THE JAPANESE JOURNAL OF EXPERIMENTAL SOCIAL PSYCHOLOGY
Online ISSN : 1348-6276
Print ISSN : 0387-7973
ISSN-L : 0387-7973
Volume 60 , Issue 1
Showing 1-5 articles out of 5 articles from the selected issue
Original Articles
  • Chihori Tatebe, Takumi Miyamoto
    Type: Original Article
    2020 Volume 60 Issue 1 Pages 1-17
    Published: 2020
    Released: August 20, 2020
    [Advance publication] Released: March 03, 2020
    JOURNAL FREE ACCESS

    This study describes the significant role played by PO (People’s Organizations) in disaster recovery in Medellin and Bantayan Island in the northern part of Cebu Province, the Philippines, which was hit by Typhoon Yolanda in 2013. In this area, although the damage caused by the disaster itself has been repaired to some extent, the fundamental problems of poverty and development have not changed since before the disaster. On the other hand, many PO have been created with the support of NGOs. The POs’ main concerns are people’s livelihoods and resistance to development, and their members are getting inspiration and pleasure through participating in PO activities. The support provided by governments, NGOs, and families is limited by political unfairness, sustainability, and problem-solving abilities. This study outlines the significance of PO as new actors that receive assistance, encourage independence among their members, suggest diverse solutions for their members’ problems, and give vitality to their members. Finally, it considers the role of organizations like PO in disaster recovery and alternative future societies from the viewpoint of “exchange theory”.

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  • Hiroaki Daimon, Tomohide Atsumi, Keishin Inaba, Wenjie Wang
    Type: Original Article
    2020 Volume 60 Issue 1 Pages 18-36
    Published: 2020
    Released: August 20, 2020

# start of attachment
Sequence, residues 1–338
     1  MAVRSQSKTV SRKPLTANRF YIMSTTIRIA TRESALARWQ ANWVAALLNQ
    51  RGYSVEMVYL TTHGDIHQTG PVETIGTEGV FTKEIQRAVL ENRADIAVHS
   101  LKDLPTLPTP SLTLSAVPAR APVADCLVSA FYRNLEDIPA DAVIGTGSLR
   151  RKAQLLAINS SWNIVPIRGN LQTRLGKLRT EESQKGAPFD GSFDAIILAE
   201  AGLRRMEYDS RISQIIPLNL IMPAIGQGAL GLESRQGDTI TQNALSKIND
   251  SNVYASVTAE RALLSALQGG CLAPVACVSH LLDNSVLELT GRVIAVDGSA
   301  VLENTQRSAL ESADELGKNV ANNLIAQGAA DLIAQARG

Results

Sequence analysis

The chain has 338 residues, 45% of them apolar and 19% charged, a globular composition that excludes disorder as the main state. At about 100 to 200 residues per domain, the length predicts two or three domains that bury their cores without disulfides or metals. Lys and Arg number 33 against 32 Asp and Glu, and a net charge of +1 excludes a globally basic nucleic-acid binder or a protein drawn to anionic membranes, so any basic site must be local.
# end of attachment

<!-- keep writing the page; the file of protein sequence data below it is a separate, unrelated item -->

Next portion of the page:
[Advance publication] Released: April 07, 2020
    JOURNAL FREE ACCESS

    This study aimed to clarify the key factors related to the organization of volunteers following the Kumamoto Earthquake of 2016. Semi-structured interviews and participant observations in Mashiki and Nishihara were used to compare two disaster-volunteer centers, both of which coordinated volunteers to meet survivors’ needs. The results showed that the centers were markedly different organizations. The command and control (C&C) model was used in Mashiki to avoid chaotic behavior by volunteers and survivors, whereas the improvisational and autonomous (I&A) model was used in Nishihara to solve a multitude of problems. Structural holes arose in Mashiki because of the disaster center’s C&C model, although Mashiki was the town that was most seriously damaged by the earthquake. It is unlikely that employing both organizational styles in Mashiki would have resulted in appropriate responses. The C&C model creates a vertical hierarchical organization, whereas the I&A model avoids such a hierarchy, producing a horizontal organization instead, which worked better in Nishihara. Thus, we conclude that after disasters it is necessary to prevent the emergence of the C&C model and leverage the I&A model instead, to prevent structural holes occurring.

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Short Article
  • Masayuki Kurokawa, Masaru Honjo, Koji Mishima
    Type: Short Article
    2020 Volume 60 Issue 1 Pages 37-49
    Published: 2020
    Released: August 20, 2020
    [Advance publication] Released: March 14, 2020
    JOURNAL FREE ACCESS